• Joseph Barringer is Kate's first love in Season Thirteen. She lost her virginity to him.
  • Flirty Stepsiblings: Michael Fairgate and Paige Matheson have an affair in Season Eight.
  • The Fundamentalist:
    • Joshua in spades.
    • After his brief time in prison, Danny pretends to be one for the first two episodes of Season Twelve but, by this time, Gary, Valene and everyone else know that he has lied about pretty much everything so they aren't fooled for a moment.
  • Gaslighting: In Season Nine, Jill tries to convince Valene that she is going insane. The first part of her plan involves hiring the forger Mrs. Bailey to write Valene letters in Ben's handwriting in order to convince her that Ben is returning home after almost a year in South America without a word from him. This essentially serves as a prelude to the gaslighting to make Valene more susceptible to it. Jill then obtains tape recordings of Ben's voice from his time as a TV journalist at PWC and edits them to form messages to Valene which she leaves on her answering machine. The first of them has Ben say that he is returning home soon. Valene excitedly tells Gary, Karen and Mack the good news but she is unable to locate the tape with the message on it so they all begin to suspect that it may have been just her imagination. What she doesn't realise is that Jill broke into her house and stole the tape to discredit her and make her doubt herself.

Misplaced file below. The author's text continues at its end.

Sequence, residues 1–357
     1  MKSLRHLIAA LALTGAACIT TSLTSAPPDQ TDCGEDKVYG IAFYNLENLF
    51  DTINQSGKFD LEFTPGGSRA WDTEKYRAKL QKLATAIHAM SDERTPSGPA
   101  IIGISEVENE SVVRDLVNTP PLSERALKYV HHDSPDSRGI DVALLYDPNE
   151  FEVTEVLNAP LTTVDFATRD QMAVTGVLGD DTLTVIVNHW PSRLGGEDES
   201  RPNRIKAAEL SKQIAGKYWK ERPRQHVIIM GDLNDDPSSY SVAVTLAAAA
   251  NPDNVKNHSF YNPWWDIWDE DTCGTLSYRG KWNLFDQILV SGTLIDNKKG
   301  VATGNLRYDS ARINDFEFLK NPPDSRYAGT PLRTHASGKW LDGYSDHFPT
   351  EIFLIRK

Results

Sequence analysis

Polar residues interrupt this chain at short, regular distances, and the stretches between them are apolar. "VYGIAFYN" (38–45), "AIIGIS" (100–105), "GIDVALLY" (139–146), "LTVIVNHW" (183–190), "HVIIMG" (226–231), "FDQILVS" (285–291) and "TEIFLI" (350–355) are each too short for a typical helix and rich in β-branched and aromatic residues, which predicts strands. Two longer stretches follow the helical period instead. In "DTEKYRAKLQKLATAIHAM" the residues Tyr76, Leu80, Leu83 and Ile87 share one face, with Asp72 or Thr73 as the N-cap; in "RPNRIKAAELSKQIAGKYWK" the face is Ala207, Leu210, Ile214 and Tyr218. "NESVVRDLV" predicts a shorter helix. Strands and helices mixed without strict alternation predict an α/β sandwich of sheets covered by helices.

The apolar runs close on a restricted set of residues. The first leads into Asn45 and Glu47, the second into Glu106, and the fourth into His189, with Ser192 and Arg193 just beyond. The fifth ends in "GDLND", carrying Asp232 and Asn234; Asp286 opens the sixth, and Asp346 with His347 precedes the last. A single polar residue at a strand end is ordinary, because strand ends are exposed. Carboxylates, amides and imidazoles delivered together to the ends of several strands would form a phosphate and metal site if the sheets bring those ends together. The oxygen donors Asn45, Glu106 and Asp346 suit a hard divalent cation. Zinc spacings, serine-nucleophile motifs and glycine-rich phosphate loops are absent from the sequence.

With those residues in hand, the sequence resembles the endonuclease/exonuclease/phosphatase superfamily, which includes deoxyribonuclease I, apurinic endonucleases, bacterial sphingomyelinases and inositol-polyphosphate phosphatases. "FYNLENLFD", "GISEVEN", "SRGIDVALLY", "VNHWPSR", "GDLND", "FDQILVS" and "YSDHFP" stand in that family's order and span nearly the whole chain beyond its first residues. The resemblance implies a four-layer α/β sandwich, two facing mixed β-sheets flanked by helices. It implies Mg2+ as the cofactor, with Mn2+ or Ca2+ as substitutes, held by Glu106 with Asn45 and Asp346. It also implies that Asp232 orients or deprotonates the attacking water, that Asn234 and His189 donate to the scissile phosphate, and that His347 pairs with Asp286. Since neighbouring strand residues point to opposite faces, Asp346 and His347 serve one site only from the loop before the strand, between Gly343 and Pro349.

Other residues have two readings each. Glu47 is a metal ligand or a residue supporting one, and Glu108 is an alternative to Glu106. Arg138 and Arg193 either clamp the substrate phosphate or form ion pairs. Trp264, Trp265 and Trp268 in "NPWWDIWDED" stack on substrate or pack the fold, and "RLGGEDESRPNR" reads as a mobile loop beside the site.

• George Jetson Job Security: Paige Matheson, numerous times at the Sumner Group.
  • The Ghost: A rather odd example in the case of Abby's son Brian. He was played by Bobby Jacoby in Seasons Two through Six. He was not seen at all in Season Seven in spite of numerous mentions and the fact that many scenes feature his home Westfork and his elder sister Olivia. Typically, when they were explained at all, his absences were explained by saying that he was staying at a friend's house or simply asleep. Brian returned to the screen in Season Eight where he was played by Brian Austin Green, who continued in the role until Season Ten and later returned for the miniseries Knots Landing: Back to the Cul-de-Sac. Before his return in Season Eight, Brian was in danger of following in the steps of his cousin Annie and becoming a victim of Chuck Cunningham Syndrome.
  • Give the Baby a Father: Averted in the case of Ben and Valene. Ben proposes to Valene in Season Five when he thinks that she is pregnant with his twins but breaks up with her when he learns that Gary is the father. They eventually reconcile in Season Six some time after the babies are (seemingly) stillborn and marry in Season Seven, shortly after the babies are found alive and returned to Valene.
  • Hands-Off Parenting: Abby's usual parenting style until Olivia's drug problem in Season Eight. After that, she becomes much more hands on.
  • Happily Married: Karen and Sid and, after Sid's death, Karen and Mack.
  • Hostage Situation:
    • The women of Seaview Circle are taken hostage by three armed robbers during Ginger's baby shower in "Moments of Truth".
    • Laura and Jason Avery are held hostage by Richard, having suffered a nervous breakdown, in their house in "Night".